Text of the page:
Last weekend, on my exploration of the Midlands of Ireland, I made a stop at Kilbeggan Whiskey Distillery in Co. Westmeath. Before the motorway (M6) was built between Dublin and Galway this was on the main route and is now bypassed but it is well worth leaving the motorway to stop and visit. Powered by the River Brosna, it is the oldest Whiskey distillery in Ireland – what more reason do you need to make a stop here!
The story begins in 1757 when the distillery was established by the McManus family but it changed hands twice and the John Locke, whose name still appears on the chimney stack (above) took over in 1843 and the company enjoyed a 50 year golden era. But after the turn of the century, as Ireland went through a turbulent time, the export market to Britain was reduced, prohibition in the USA and cheap ‘Scotch’ made the product less popular, things were not so good. The company limped on until 1954 but then closed.
Luckily for us now, locals kept the place ticking over, if not in production, and in 1988 Cooleys took over the brand and started to use the warehouses for maturing their whiskey. In the lean years some of the old equipment was stripped out but much was left. But old equipment from other distilleries was brought in and when production began again in 2007 an old copper pot still, from another distillery was used, believed to be the oldest working pot still in the world.
The machinery in the old part of the buildings is powered by a waterwheel though there is also a steam engine, made in Glasgow, that was used when the river flow was insufficient.
Whiskey takes a long time to make – well, mature – and in the early years of this new chapter the whiskey was made at Cooleys in Co. Louth and matured here but in the past two years whiskey truly made here has been for sale. Whiskey must be matured in casks for three years before it can bear the name – before that it is just ‘spirit’. Most now is matured in bourbon casks but some is kept in sherry or port casks. It is these, and the charring of the inside of the oak casks that gives the whiskey its flavour and colour since the distilled spirit is colourless.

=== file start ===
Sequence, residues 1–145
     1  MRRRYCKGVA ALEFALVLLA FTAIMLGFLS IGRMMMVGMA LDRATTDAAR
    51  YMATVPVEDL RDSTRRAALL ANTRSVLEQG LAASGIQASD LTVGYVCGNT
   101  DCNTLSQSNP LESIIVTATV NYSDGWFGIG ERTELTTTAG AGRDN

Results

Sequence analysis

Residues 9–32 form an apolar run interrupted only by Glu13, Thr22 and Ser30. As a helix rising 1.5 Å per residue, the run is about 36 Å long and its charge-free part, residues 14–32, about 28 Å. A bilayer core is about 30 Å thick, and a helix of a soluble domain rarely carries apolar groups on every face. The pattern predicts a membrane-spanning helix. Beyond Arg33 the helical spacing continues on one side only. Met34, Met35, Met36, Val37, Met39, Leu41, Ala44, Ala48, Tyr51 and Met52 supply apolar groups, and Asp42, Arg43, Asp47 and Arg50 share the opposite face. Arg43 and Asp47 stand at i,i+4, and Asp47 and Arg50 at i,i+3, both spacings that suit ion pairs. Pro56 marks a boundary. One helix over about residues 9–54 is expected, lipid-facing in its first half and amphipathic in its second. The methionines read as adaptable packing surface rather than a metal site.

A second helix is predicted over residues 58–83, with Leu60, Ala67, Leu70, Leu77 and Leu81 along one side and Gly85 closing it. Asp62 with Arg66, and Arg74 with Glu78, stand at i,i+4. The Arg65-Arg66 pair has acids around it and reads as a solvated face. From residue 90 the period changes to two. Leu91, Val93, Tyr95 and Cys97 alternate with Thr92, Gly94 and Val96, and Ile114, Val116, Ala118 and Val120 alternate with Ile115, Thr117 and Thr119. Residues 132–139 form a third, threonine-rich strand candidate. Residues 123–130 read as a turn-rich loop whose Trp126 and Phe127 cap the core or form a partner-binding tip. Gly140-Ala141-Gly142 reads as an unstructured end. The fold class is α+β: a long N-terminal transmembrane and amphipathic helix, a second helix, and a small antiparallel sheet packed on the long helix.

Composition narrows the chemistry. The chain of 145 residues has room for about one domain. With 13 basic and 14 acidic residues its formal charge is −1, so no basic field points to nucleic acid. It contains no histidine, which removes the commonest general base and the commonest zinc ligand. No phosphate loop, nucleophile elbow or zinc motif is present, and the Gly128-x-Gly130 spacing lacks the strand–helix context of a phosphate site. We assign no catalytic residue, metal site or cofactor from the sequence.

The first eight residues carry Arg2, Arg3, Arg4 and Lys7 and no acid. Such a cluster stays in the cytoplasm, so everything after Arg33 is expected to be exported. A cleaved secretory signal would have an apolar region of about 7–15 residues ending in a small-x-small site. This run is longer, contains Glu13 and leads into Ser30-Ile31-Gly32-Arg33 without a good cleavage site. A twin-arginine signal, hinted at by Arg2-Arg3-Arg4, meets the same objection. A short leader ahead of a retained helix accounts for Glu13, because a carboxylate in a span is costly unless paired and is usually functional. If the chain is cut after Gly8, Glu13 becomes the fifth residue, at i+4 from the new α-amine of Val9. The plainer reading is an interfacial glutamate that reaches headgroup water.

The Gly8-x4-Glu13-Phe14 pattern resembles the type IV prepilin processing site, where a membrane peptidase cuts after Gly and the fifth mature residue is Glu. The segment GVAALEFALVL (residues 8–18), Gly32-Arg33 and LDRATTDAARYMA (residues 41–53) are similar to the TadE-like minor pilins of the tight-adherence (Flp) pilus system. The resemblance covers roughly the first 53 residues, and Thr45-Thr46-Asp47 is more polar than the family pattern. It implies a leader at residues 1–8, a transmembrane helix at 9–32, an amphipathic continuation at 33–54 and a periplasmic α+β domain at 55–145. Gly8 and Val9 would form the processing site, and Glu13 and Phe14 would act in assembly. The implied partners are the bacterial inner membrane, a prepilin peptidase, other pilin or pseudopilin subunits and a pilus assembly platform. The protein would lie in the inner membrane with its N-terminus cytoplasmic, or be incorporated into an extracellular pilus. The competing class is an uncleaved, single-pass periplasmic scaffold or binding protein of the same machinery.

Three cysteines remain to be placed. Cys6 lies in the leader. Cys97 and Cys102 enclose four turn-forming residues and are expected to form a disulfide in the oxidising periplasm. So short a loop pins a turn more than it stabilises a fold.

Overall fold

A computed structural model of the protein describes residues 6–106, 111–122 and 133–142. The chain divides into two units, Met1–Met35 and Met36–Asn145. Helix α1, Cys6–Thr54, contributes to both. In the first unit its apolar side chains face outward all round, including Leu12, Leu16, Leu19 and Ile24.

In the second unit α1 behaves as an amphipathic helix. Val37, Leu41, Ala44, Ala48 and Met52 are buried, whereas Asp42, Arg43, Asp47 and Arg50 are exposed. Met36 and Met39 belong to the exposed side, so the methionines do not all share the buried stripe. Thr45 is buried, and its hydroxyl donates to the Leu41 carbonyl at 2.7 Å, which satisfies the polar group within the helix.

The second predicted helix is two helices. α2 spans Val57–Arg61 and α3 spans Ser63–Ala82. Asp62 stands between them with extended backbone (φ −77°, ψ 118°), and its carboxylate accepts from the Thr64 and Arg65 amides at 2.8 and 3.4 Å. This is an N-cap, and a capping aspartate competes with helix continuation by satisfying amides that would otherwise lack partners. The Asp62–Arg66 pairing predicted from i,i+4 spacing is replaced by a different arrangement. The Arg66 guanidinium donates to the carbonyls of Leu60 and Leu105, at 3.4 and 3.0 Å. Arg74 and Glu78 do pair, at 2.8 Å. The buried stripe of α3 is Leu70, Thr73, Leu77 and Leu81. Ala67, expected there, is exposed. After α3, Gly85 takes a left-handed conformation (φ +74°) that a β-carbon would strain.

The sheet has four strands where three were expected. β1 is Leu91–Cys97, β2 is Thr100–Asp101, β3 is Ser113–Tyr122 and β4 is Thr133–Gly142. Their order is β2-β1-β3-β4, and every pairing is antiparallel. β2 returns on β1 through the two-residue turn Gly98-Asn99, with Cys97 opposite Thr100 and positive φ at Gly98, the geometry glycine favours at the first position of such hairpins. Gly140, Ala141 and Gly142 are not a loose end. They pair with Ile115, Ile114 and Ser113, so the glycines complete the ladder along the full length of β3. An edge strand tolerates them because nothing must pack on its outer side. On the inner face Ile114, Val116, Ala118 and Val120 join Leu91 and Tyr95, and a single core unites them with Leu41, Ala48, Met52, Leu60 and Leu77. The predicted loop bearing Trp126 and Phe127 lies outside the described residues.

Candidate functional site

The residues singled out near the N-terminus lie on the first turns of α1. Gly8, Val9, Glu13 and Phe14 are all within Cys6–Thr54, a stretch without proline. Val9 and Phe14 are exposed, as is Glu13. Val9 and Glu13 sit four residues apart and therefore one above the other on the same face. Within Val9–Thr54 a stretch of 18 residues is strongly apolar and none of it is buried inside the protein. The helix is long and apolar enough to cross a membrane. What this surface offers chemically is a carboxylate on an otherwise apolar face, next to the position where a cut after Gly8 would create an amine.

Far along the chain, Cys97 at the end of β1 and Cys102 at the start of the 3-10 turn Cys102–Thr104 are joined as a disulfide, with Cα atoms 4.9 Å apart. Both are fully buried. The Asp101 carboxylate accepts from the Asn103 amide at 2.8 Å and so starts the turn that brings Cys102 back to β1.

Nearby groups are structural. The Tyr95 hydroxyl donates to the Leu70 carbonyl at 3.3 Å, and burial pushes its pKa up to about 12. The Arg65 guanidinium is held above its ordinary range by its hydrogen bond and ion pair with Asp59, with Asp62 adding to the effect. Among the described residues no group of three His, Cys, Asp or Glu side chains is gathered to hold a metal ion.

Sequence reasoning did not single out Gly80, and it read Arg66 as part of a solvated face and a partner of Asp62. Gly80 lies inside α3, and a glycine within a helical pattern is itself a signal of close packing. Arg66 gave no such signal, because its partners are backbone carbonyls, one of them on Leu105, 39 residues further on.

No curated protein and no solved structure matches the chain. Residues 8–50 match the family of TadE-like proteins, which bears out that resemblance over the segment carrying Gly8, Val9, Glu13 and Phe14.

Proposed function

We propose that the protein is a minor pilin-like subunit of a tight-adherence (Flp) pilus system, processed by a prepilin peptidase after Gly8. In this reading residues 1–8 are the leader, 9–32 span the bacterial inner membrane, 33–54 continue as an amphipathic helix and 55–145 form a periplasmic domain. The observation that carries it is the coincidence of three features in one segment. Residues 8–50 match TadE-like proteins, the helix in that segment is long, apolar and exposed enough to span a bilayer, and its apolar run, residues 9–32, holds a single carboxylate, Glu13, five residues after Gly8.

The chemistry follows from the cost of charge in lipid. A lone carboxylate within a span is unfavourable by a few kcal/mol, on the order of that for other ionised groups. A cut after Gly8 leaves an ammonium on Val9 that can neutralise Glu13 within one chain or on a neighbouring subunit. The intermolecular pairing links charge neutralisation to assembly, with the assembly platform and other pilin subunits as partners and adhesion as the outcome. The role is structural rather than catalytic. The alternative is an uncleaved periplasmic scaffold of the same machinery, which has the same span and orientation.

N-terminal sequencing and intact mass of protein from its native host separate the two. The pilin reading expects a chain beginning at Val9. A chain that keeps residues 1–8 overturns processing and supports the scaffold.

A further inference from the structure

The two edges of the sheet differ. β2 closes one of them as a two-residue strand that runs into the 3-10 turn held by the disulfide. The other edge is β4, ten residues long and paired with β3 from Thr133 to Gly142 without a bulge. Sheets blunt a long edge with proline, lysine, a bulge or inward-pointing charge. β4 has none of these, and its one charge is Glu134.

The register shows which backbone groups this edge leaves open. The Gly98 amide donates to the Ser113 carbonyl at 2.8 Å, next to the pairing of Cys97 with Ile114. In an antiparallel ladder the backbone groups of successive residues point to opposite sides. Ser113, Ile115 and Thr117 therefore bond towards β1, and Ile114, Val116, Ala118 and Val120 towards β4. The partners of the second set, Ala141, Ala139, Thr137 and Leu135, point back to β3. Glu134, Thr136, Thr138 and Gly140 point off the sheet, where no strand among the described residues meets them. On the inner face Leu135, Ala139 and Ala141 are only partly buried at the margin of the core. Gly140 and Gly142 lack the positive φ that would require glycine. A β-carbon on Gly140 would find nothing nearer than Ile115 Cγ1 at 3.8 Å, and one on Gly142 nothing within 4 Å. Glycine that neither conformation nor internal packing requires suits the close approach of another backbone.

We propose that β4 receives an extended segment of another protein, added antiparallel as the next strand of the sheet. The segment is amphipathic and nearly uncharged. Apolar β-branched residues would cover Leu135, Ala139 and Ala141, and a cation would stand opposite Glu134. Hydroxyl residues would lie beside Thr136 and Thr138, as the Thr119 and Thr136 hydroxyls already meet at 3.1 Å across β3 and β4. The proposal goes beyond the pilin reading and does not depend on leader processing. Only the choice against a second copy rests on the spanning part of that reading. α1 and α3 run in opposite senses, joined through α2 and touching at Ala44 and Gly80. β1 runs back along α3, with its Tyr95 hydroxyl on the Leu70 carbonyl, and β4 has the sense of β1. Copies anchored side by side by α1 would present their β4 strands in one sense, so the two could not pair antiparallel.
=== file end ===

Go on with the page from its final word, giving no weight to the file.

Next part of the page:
A visit costs €8.50 and you have to guide yourself around the old buildings. It is fascinating stuff but it is not that easy, in my opinion, to find your way round in the right order. But you can double back on yourself and take your time. Inevitably I was intrigued by the fairy foxglove (Erinus alpinus) growing all over the old walls. The tour ends with a tasting and if, like me, you are driving, you can take away a miniature instead. If one taste is not enough there is a bar where you can see which single malt or blend you like best and a shop where you can buy a bottle, or two. And there is an informal restaurant with good, wholesome food.
Inside you can see all the old machinery like these stones used to grind the barley.
Outside is the warehouse (which you do not have access to!) which is notable for being the work of Irish inventor James Waller. It is locally known as the ‘jelly mould’ and was constructed using one of his inventive techniques of hessian and concrete. One of his less successful ideas was a plan for the reconstruction of London after WW2 which included banning cars, having rubber pavements and covering the city with a lid that incorporated helipads and runways for planes – sounds intriguing and rather like The Simpsons Movie.
Although all the old equipment is not used today they do make whiskey here and you can see all parts of the process from the mash tuns (below) to the casks maturing.
You could do the tour in as little as 30 minutes but you would get a lot more from it if you spend longer and I would allow 2 hours to include a snack and drink too.
And yes, I bought a bottle!